One of the worst dangers of retirement, when money is being taken out of a investment portfolio for living expenses, is that withdrawals may be too high and the portfolio expires before the retiree, leaving the unfortunate person high and dry, usually at an advanced age when going back to work to make a shortfall is no longer possible.

An annuity is an investment income insurance product in which an investor hands over a lump sum to an insurance company and then receives a fixed, guaranteed, regular (monthly, quarterly, semi-annually or annually) income for life. In the plain vanilla version, the income continues only as long as the person lives (or the second of a couple to die, in the case of a joint annuity) and there is no return of principal at death.

Since many people balk at the idea of losing the whole principal if they live only a short time after the annuity starts paying - imagine handing over $100,000 of your lifetime savings to the insurance company and living only long enough to receive the first monthly cheque of $530 or so (per the Globe and Mail's table for single life 65 year old male as of June 10, 2015). Being dead you wouldn't be upset, but your heirs might be! The annuity purchase is irreversible. Consequently, insurance companies offer options to guarantee payments to the estate or a beneficiary for 5, 10 or even 20 years. Such guarantee options do come with the downside of lower payments.

Contrary to what some may imagine, the insurance company does not keep all the money of investors who buy a plain no-payout-guarantee annuity and then die early. The insurance company does keep some of the money of those who die early for its costs and profit margins, but this is kept in check by the fact that the annuity market is competitive amongst insurance companies. Given the guarantee of income provided by Assuris in Canada, most investors can safely opt for the best quote aka highest income so the companies are unable to profiteer. Instead, the bonus money, called mortality or insurance credits, goes to other investors who live a long time. The insurance company is able to calculate very accurately the average remaining lifespan for a population of retirees (and even that of retirees who buy annuities, which happens to be longer than retirees as a whole), which enable it to price out a payment level for everyone based on the average and to offer it for as long as you might happen to live. Live long like Merle Barwis, you win!

Research shows the annuity - SWP combination enhances retirement success > more income and less chance of running out
Economists are constantly puzzled by the relatively low rate of uptake of annuities because they are beneficial to retiree investors. Researcher Wade Pfau, Professor of Retirement Income at the American College of Financial Services on his blog has posted papers detailing the benefits of immediate and deferred annuities. Professor Mark Warshawsky of George Mason University compared life annuities head-to-head with the classic 4% portfolio withdrawal rule using US historical data in Government Policy on Distribution Methods for Assets in Individual Accounts for Retirees and found that annuities generally performed somewhat better for providing lifetime income during retirement. Canadian Associate Professor of Finance at York University Moshe Milevsky explains annuities in detail in the free 150 page Life Annuities: An Optimal Product for Retirement Income. He and co-author Alexandra Macqueen put forth a popularized exhortation to include annuities within a retirement income mix in the book Pensionize Your Nest Egg. David Blanchett, Head of Retirement Research at Morningstar in his Allocating to a Deferred Income Annuity in a Defined Contribution Plan even cites a source that found that investors with annuitized incomes were happiest! If money can't buy happiness, can it buy an annuity which can buy happiness?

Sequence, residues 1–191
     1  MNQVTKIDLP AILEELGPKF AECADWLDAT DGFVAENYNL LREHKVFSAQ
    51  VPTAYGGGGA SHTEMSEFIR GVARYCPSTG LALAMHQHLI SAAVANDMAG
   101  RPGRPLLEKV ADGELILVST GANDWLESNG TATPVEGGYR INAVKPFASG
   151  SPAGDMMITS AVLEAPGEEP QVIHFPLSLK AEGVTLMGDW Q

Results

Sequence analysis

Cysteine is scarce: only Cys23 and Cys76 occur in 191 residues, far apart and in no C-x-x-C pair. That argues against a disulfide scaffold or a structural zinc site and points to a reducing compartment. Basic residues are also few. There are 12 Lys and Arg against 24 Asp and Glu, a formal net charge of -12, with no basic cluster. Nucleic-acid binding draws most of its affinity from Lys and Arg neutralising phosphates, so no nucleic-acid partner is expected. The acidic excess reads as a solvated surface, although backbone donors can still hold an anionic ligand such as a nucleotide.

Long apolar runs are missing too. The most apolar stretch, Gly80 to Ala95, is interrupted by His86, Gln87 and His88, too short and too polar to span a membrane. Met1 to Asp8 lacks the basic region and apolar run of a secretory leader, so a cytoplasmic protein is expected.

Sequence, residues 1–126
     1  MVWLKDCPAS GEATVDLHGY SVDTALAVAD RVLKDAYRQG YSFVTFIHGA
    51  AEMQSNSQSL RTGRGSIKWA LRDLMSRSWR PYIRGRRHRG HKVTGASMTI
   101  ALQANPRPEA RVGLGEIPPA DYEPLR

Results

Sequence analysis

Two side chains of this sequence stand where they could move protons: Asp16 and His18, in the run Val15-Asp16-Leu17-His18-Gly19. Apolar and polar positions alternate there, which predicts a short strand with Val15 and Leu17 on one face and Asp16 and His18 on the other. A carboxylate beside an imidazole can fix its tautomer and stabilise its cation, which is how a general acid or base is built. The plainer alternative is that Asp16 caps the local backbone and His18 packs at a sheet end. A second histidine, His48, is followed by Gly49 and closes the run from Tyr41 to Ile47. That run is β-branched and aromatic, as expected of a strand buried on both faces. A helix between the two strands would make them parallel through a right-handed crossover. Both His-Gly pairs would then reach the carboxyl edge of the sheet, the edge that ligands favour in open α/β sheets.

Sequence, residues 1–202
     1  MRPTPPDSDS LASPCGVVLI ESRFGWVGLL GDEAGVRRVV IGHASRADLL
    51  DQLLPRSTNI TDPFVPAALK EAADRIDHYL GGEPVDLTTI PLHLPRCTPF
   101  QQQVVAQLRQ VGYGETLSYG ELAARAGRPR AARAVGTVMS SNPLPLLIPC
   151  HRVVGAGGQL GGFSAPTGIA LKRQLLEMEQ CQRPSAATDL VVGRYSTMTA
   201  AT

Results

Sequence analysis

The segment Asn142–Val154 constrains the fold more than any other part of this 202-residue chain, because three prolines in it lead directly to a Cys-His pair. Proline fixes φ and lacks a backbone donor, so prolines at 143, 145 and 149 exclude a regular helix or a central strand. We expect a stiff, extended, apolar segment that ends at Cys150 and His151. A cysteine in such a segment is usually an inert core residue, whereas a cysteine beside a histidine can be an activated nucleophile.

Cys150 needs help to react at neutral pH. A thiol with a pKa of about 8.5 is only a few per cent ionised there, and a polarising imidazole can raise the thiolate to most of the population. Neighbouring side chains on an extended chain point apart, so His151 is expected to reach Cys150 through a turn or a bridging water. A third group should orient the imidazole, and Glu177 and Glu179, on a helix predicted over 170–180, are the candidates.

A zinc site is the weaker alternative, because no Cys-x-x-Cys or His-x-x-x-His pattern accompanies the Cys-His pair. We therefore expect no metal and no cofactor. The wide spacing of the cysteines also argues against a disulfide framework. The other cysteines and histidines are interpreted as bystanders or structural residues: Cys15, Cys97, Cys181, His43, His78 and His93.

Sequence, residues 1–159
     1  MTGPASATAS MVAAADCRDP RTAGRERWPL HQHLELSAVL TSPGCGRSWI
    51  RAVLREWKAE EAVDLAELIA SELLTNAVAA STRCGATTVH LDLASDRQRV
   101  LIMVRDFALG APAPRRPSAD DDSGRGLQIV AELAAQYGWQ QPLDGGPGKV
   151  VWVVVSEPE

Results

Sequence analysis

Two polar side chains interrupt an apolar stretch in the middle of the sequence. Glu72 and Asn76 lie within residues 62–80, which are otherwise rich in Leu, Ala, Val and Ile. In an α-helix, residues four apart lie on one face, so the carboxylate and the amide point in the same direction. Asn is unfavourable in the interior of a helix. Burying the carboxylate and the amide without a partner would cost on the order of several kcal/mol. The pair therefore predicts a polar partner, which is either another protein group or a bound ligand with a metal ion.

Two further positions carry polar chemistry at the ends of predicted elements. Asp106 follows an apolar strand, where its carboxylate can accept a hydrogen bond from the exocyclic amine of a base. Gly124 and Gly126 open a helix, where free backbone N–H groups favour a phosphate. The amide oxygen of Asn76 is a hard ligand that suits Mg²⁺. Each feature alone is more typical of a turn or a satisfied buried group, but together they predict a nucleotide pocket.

Where to buy: Annuities are only available from insurance companies, so interested investors need to contact either a life insurance agent, who represents only one company, or better, a licensed broker who can source quotes from the whole market and get the best currently-available deal, which varies constantly amongst the various insurance companies. Specialized annuity brokers in Canada with an online presence are sparse - two we found (whose licensing claims check out as of June 2015) are (Ivon Hughes) and Canadian Annuity Broker Services (John Beaton).

Buying an annuity involves handing over a big chunk of money, so check that the agent or broker is licensed in your province:
- Financial Services Commission of Ontario
- Autorité des marchés financiers (Québec)
- Alberta Insurance Council
- Nova Scotia Superintendent of Insurance
- Insurance Council of British Columbia
- Insurance Councils of Saskatchewan
- Insurance Council of Manitoba
- Financial and Consumer Services Commission of New Brunswick
- Government of Prince Edward Island
- Newfoundland and Labrador
- Government of Nunavut
- Yukon Government

Disclaimer: This post is my opinion only and should not be construed as investment advice. Readers should be aware that the above comparisons are not an investment recommendation. They rest on other sources, whose accuracy is not guaranteed and the article may not interpret such results correctly. Do your homework before making any decisions and consider consulting a professional advisor.

Copyright 2015 Jean Lespérance All Rights Reserved